This Wild Mural Will Wrap around an Entire Portland Office Building

Los Angeles artist James Jean talks about his plans for the Fair-Haired Dumbbell, rising at the Burnside Bridge's east end.

By Lauren Kershner April 17, 2017 Published in the May 2017 issue of Portland Monthly

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A rendering of the Fair-Haired Dumbbell with Jean’s design

James Jean made a name for himself illustrating covers for DC Comics, painting murals for Hawaii’s Pow Wow Worldwide Festival, and designing prints for Prada clothing. Developers of the Fair-Haired Dumbbell, a wild office building rising at the Burnside Bridge’s east end, chose the LA-based Jean from a competitive pool of international and local artists to give it his provocative touch. Painters begin work on the façade this month.

What’s this project all about?

It’s an incredibly special opportunity to have a permanent mural installed in a highly visible and active location, and to have it wrap around all sides. It’s rare that a mural is intended to be such an integral part of a building’s design.

Did you spend much time here researching?

Sadly, only about four days on two separate occasions. But I did get to explore the city and the surrounding area in the limited time I had there: ingested some good food, hiked a few trails, and took many pictures. The swirling traffic and new activity in the area were immediately evident. I had a meeting with the Regional Arts and Culture Council, and they explained the history of the area and gave the project a fair bit of context. I spent maybe four or five months on the design. Even with all this preparation, it’s difficult to envision how exactly this will all feel in person.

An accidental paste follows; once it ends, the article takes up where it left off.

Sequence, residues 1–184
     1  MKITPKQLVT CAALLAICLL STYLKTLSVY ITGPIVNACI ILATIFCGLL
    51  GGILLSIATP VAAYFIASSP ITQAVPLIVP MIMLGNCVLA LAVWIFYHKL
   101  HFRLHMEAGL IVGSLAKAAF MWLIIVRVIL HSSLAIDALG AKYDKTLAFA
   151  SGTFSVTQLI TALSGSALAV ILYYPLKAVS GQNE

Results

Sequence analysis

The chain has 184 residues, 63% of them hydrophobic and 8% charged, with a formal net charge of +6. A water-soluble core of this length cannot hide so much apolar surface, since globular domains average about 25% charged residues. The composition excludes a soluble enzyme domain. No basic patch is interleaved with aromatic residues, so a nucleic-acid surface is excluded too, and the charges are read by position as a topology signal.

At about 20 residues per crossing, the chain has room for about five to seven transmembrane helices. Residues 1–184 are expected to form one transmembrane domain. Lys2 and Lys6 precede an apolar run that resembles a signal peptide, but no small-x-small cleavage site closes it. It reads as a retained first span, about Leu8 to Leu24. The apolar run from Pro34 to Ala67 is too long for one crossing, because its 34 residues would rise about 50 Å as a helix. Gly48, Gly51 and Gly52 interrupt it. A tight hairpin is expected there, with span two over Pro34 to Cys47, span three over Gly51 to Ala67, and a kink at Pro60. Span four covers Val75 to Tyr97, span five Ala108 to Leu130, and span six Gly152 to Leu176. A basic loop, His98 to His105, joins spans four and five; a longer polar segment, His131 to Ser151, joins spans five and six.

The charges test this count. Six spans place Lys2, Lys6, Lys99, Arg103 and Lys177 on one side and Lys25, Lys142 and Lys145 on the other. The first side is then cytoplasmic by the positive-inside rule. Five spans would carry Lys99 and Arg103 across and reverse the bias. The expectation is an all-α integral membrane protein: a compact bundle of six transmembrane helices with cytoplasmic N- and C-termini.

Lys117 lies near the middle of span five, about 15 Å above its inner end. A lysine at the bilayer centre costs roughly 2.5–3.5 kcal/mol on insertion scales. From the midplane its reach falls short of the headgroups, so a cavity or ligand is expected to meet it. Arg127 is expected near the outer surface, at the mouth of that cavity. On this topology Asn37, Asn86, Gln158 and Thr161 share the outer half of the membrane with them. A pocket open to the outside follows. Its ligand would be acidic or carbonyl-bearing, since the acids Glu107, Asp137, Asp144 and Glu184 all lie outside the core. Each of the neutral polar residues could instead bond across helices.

This is going be quite the statement. What was your inspiration?

I imagined that the oblique walls were formed by slicing down the sides to reveal cross sections of thunder eggs and geodes, which are in abundance in Oregon. Ideas of transparency and discovery—of excavating slices of internal anatomy like MRI scans—are meant to echo the creativity of the tenants in the building. Their slow-forming inertia is a counterpoint to the speed of the swirling kinetic activity on the streets. Then, in contrast to the hard, crystalline lines of the thunder egg motif, a lyrical network of flowers links the elements together. That’s meant to evoke growth, adaptability, and interconnectedness. They erupt from the ground and wrap around the thunder eggs at points, symbolic of the city’s relationship with nature and mindfulness of the environment.

What reaction do you expect?

That’s not something I can really predict, but it’s definitely a building that demands attention. Maybe it will become notorious on social media and become a meme. Maybe someone will discover hidden imagery in the design and augment or satirize it. Maybe it will become a selfie mecca. Maybe kids will be inspired and make drawings based on the mural. My hope is that the mural will help the building become an iconic beacon.

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